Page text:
www.johnsingletonfilms.com THE FILMS OF JOHN SINGLETON

Poetic Justice

Poetic Justice poster After his powerful debut, Boyz N the Hood, I eagerly anticipated writer-director John Singleton's follow-up effort, Poetic Justice. Although it had been surrounded by bad advance word-of-mouth, most of which centered on Janet Jackson's lead performance, the dramatic trailer of the film displayed the emotional power and depth that had made Boyz so brilliant. In short, I was expecting Poetic Justice to be a moving drama with great emotional punch, which is not an outrageously high request, given the enormous talent of its writer-director.

Sadly, I left the theatre underwhelmed and only slightly moved. The film's first twenty minutes excellently set up the plight of Justice (Jackson), a hairdresser who turns to writing poetry to heal the pain left by the murder of her boyfriend. But all emotional weight disappears and the film becomes lighter than a feather when she goes on a journey from L.A. to Oakland with her best friend Iesha (Regina King); Iesha's mailman boyfriend, Chicago (Joe Torry); and his best friend, also a mailman, Lucky (Tupac Shakur), aboard their mail truck. After an initial hatred, Justice and Lucky begin to learn about each other, and Justice finds the strength in her soul to allow herself to love again.

The central romance in Justice is the best aspect of the film. Contrary to what other critics are saying, Jackson proves to be the best of the recent crop of singers-turned-actresses, more convincing and professional than Madonna and Whitney Houston combined. Her inexperience as an actress only shows in one emotional scene with Iesha where her tears look forced and phony. Jackson and the charismatic Shakur make an appealing couple you root for to get together.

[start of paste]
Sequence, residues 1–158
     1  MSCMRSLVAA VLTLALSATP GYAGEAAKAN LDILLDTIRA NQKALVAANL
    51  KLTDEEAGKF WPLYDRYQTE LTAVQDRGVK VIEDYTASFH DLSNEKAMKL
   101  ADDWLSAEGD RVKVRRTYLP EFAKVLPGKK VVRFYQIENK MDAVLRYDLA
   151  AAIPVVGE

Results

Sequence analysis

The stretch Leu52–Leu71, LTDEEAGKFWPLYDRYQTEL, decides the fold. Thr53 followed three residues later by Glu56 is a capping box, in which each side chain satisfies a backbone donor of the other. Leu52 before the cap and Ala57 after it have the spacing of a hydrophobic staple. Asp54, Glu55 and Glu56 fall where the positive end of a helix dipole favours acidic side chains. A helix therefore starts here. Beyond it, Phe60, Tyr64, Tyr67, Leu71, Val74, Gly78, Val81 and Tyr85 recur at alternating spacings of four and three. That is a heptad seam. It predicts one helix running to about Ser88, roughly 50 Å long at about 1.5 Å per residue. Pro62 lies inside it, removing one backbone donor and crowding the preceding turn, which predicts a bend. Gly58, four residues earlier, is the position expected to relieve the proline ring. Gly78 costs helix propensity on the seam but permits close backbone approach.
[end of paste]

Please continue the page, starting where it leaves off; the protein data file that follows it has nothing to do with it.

The major flaw of the film is Singleton's screenplay. The characters of Chicago and Iesha are totally unnecessary; their incessant comic bickering is tiresome and serves only to take away valuable screen time from the far more interesting relationship between Justice and Lucky. The film would have been far more powerful if it focused solely on the two main characters.

From a visual standpoint, Singleton the director is in top form. Every scene is visually interesting, especially the striking opening twenty minutes. But his storyline is a bit confused. More attention seems to be paid to the relationship betwen Chicago and Iesha than the dramatic relationship between Justice and Lucky; a pivotal scene where Chicago hits Iesha is given more emotional weight than one where Justice must confront her conflicting feelings of love for Lucky and those of devotion to her dead boyfriend.

Poetic Justice isn't nearly the disaster other critics would leave you to believe, only a not-too-bad disappointment. It is a quiet, personal story that should have been louder, bolder, and even more personal, an interesting premise that isn't given its full justice.

--Review by Michael Dequina, July 1993

  • Poetic Justice @ The Internet Movie Database
  • Poetic Justice script

  • Janet and John on the set
    Jackson and Singleton on the Poetic Justice set

    Janet and John
    Jackson and Singleton, from the Poetic Justice press kit
    (Photo by Eli Reed)


    Images courtesy The Digital Journalist, Premiere, and Sony Pictures Entertainment
    The Films of John Singleton: Poetic Justice/text and page design © 1993, 1999, 2002 Michael Dequina
    All images are copyright their respective copyright holders and no rights are given or implied